Kokomo Tribune; Kokomo, Indiana

June 25, 2013

June 25, 2013: Letters to the editor

Kokomo Tribune

---- — Study the turbines already installed

An important early lesson you should learn is divide by 10 anything heard from a salesman, whose one purpose is to sell you something. But if you fail to investigate the drawbacks, you will make some awful decisions.

Yet for some reason, our county commissioners consider the company salesmen for industrial wind turbines (IWTs) more credible than people now living among them who simply report their experiences.

Evidence is readily available about the problems caused by IWTs. Just one example in a peer-reviewed publication, Canadian Family Physician, from May 2013: “A 2006 National Academy of Medicine working group report notes that noise is the most frequent complaint. The noise is described as piercing, preoccupying, and continually surprising, as it is irregular in intensity. The noise includes grating and incongruous sounds that distract the attention or disturb rest. The spontaneous recurrence of these noises disturbs the sleep, suddenly awakening the subject when the wind rises and preventing the subject from going back to sleep.”

Beyond the health issues, there is good evidence real estate values for those living near IWTs will drop, a further kick in the rear. We residents of eastern Howard County were told during the June 17 meeting of our county commissioners that our inconvenience is necessary for the greater benefit of the county. A few farmers will get something like $12,000 a year for each turbine they allow in their fields, and we could each lose more than that in the value of our homes. Does this make us “collateral damage?”

Ask yourself, is “wind power,” which depends on large government subsidies, a thriving business? In fact, the cost per kilowatt-hour of generating electricity by conventional methods is about 4 cents, whereas the subsidies alone for wind power are 5.6 cents. With this country trillions of dollars in debt, it is for certain these subsidies must end. When this happens, who will be left holding the bag?

The excuse for locating the IWTs here is that our area needs economic development. Creating six to eight jobs is hardly significant. In fact, we are sitting on some of the most productive agricultural land in the world, and we already know what industry makes the best use of this resource. It’s called farming, and we are quite happy with it.

Those of us living in eastern Howard County have been suggesting for some time that, since this wind project was passed by the commissioners with virtually no public input, a moratorium on their coming here is needed to allow a more complete look at the impact of the turbines already installed. Please inform yourself by looking at our website, easternhowardwind.com, which has been set up by Howard County Concerned Citizens, and plan to join us at the next commissioners’ meeting July 1.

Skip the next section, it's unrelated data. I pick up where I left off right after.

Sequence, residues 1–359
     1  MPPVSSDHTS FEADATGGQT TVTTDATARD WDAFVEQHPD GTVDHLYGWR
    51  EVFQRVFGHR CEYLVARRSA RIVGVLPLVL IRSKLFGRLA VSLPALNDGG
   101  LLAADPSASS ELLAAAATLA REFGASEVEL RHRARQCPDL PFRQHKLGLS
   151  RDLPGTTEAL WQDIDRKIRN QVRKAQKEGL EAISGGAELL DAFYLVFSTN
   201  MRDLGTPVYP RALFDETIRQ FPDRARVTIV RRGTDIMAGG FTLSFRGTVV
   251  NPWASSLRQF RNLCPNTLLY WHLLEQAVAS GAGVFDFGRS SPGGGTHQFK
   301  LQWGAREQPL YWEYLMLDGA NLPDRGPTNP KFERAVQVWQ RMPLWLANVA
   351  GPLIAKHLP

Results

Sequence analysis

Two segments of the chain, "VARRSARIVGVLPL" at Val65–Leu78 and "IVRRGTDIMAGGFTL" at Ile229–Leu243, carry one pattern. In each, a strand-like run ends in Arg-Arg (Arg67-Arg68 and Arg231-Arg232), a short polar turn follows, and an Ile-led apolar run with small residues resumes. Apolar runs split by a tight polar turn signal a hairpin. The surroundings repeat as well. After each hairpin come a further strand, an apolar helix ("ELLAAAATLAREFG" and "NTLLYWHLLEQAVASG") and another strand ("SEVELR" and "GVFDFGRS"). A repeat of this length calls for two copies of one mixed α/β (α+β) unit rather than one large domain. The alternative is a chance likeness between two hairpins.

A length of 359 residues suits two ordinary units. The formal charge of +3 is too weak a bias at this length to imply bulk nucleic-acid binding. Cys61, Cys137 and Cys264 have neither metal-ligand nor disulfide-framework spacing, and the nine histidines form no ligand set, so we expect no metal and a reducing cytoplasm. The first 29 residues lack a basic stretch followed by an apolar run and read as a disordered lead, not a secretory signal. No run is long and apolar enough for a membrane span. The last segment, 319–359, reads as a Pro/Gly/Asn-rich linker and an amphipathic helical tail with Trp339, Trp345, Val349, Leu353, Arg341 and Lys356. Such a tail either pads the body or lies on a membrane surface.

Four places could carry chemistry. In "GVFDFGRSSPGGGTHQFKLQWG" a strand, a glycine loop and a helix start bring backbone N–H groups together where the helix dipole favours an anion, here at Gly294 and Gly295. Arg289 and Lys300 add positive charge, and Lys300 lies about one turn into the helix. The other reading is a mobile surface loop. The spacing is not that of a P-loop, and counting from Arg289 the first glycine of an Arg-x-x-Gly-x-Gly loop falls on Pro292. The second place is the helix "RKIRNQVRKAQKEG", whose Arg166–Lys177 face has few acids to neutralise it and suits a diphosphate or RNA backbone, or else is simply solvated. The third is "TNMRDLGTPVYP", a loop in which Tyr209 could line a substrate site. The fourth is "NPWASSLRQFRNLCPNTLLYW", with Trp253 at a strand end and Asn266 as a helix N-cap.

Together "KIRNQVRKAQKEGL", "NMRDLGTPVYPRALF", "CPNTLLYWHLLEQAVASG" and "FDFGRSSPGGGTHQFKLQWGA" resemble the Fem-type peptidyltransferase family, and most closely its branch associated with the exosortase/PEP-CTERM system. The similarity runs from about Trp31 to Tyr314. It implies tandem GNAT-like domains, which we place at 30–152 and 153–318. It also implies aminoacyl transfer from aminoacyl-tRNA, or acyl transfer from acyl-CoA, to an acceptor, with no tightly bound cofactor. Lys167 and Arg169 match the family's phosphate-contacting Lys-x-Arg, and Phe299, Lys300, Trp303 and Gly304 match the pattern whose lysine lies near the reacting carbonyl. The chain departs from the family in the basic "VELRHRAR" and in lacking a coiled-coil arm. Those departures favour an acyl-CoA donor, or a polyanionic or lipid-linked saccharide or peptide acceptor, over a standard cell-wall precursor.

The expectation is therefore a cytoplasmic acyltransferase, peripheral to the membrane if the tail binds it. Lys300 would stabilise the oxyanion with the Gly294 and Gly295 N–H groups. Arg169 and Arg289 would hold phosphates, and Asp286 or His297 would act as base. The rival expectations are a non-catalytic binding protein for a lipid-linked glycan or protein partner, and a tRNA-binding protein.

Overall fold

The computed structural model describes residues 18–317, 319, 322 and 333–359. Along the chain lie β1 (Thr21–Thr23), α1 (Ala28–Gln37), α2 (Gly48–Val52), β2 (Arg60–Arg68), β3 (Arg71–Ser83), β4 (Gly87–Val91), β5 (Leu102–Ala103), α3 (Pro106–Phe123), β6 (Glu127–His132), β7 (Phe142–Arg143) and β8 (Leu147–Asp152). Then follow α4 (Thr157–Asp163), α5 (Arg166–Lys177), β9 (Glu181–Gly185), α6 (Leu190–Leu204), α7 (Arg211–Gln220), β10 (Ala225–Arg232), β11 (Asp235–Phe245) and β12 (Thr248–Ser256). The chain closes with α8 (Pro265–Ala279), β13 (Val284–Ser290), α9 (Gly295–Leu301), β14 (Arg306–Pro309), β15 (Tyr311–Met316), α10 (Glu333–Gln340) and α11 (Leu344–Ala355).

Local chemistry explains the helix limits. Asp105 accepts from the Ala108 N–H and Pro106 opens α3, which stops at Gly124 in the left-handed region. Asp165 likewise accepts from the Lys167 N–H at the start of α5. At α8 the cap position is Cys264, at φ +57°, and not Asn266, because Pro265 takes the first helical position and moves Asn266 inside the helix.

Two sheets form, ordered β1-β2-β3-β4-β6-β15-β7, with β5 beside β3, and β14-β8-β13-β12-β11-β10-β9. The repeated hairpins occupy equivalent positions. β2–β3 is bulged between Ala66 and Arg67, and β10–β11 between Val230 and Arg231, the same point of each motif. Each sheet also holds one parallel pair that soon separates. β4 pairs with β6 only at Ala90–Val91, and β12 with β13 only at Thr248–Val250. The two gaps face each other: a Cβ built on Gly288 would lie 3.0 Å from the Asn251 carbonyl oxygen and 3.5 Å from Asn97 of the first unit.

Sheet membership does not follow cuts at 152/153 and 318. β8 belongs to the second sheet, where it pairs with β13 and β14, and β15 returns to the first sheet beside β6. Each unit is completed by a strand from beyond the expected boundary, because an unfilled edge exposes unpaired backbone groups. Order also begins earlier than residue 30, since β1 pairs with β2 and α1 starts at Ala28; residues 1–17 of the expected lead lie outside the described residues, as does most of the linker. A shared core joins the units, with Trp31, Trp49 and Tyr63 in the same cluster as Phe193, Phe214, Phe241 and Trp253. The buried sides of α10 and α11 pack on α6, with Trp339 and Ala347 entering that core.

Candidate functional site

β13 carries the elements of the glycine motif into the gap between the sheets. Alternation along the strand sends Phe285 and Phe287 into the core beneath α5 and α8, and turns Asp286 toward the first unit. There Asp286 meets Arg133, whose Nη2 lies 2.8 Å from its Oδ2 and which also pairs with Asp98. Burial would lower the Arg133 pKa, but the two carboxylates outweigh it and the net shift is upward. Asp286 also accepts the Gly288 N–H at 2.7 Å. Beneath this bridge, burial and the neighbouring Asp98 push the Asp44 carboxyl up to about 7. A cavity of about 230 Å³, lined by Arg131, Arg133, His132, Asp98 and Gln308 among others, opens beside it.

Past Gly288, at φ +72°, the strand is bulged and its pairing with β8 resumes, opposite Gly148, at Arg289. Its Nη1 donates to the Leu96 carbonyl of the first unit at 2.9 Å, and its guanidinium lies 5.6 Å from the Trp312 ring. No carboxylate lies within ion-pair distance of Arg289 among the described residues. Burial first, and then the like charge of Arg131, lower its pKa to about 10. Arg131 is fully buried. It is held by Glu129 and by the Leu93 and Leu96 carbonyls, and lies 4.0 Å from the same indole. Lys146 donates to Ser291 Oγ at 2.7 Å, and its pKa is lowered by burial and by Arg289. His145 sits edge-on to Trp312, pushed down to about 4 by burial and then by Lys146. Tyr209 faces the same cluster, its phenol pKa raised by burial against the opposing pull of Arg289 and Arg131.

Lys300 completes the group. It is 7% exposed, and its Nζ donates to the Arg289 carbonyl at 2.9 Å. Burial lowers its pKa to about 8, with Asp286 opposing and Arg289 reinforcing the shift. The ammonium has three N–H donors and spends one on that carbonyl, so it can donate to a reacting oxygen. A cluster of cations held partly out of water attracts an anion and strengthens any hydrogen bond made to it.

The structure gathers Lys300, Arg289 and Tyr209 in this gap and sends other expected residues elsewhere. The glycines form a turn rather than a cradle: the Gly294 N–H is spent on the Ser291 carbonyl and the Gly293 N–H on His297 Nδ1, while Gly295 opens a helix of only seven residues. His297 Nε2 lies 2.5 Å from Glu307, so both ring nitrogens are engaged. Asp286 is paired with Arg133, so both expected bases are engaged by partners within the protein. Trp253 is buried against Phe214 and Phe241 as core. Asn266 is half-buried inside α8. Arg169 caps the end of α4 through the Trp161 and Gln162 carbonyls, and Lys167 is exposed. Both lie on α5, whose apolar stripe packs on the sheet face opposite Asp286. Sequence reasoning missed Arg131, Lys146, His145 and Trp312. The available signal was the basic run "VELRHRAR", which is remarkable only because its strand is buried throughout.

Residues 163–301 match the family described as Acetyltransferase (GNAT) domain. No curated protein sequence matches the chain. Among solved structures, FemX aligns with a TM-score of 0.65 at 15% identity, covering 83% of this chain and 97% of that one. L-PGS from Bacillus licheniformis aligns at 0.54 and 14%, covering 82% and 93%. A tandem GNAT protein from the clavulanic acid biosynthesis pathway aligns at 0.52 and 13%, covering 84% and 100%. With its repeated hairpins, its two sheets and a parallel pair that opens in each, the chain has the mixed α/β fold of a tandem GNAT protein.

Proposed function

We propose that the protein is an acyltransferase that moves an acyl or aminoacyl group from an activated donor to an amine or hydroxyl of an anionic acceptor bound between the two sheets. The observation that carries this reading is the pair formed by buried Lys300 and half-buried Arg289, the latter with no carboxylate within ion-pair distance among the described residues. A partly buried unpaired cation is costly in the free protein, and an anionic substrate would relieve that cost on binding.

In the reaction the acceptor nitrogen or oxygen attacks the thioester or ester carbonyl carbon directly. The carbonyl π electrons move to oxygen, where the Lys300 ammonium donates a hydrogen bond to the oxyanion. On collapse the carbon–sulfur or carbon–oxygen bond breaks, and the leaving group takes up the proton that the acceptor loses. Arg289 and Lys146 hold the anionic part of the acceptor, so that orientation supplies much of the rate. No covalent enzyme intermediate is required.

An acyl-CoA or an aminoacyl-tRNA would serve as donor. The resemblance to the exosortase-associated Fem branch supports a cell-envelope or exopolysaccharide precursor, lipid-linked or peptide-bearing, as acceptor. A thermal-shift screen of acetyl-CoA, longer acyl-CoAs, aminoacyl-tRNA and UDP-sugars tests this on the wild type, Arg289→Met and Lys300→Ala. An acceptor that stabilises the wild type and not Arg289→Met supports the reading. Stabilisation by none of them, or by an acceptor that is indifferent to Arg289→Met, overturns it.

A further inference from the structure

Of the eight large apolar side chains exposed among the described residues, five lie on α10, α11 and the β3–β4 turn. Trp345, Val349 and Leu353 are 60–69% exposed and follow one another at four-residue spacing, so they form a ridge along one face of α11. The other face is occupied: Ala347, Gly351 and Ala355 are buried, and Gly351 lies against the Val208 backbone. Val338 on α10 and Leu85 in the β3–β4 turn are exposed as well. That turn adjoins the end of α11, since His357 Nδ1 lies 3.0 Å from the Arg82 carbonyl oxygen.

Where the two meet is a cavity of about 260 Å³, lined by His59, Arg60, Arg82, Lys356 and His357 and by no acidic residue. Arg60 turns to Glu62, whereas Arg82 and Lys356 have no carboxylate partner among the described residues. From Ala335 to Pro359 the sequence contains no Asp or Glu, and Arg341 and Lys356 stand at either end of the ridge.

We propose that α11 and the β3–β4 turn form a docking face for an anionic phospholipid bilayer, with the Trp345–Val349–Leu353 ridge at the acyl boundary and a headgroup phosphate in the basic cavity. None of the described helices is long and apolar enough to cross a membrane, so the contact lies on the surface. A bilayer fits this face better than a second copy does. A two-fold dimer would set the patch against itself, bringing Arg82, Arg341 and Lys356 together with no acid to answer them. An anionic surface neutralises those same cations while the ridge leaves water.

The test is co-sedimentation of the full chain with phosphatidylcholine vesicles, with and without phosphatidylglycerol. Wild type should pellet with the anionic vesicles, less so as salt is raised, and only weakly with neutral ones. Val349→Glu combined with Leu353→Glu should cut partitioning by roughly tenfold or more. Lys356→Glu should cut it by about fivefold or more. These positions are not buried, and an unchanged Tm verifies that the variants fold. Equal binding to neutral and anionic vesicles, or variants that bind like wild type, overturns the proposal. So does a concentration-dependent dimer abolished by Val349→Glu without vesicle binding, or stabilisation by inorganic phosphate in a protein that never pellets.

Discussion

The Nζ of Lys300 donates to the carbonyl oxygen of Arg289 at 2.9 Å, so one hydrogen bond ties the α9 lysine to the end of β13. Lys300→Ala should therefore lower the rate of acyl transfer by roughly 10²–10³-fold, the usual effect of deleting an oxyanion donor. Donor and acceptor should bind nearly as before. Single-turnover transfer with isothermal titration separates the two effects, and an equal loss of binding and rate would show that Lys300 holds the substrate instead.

Tom Cornell


Leaseholders forget high-risk neighbors

Proponents of wind issues can debunk Google until they are blue in the face, but what about juwi’s experts who testified at the eight-hour BZA hearing?

One expert said, “the low frequency infrasound these turbines create does not harm human tissue.” I am a human, and everyone whom I know is as well. So why didn’t the big legal team just say humans, instead of human tissue? That would have been a lie, so they said, “human tissue.” Thank goodness ... at least my parents’ skin isn’t at risk from wind turbines.

An expert testified “that in Canada, a city as big as Chicago had 60,000 people living within a similar footprint.” If any of you leaseholders live in northern Tipton County, when does your backyard ever sound like downtown Chicago? Also, my aging parents are not made up purely of human tissue. Like many high-risk residents, such as children, elderly or people with health issues, they have pre-existing medical conditions. Why has this nearly 100-turbine industrial wind farm proposal been in the works since 2009, and not one survey has been conducted by the county, nor juwi, nor the leaseholders, to identify high-risk residents, especially those living within the proposed wind farm footprint?

Wind farms are great on large tracks of land, like out in the desert, but people live here. My parents are spending their retirement here, staying in the county they have lived in most of their lives. Now the peaceful enjoyment of their property and retirement years is being put at risk.

How can I sit back and let the greed of the few try and risk everything my parents enjoy in their home surrounded by farmland? Industrial wind farms may be great in some locations where they are not intrusive, but not here. Some of these leaseholder families have been farming in this county for more than 150 years. I’m certain they are in no need of saving, and have their trade down to a fine science. How could these local leaseholders say they have compassion, when they clearly made a cold decision without knowing how many local high-risk neighbors they are asking to live within the footprint of an industrial wind farm? That’s more disrespectful than reading an opposing view in the newspaper.

Where is the compassion? Where is the survey to protect every resident, even the leaseholders, if they do in fact live within the footprint?

Matt Jarvis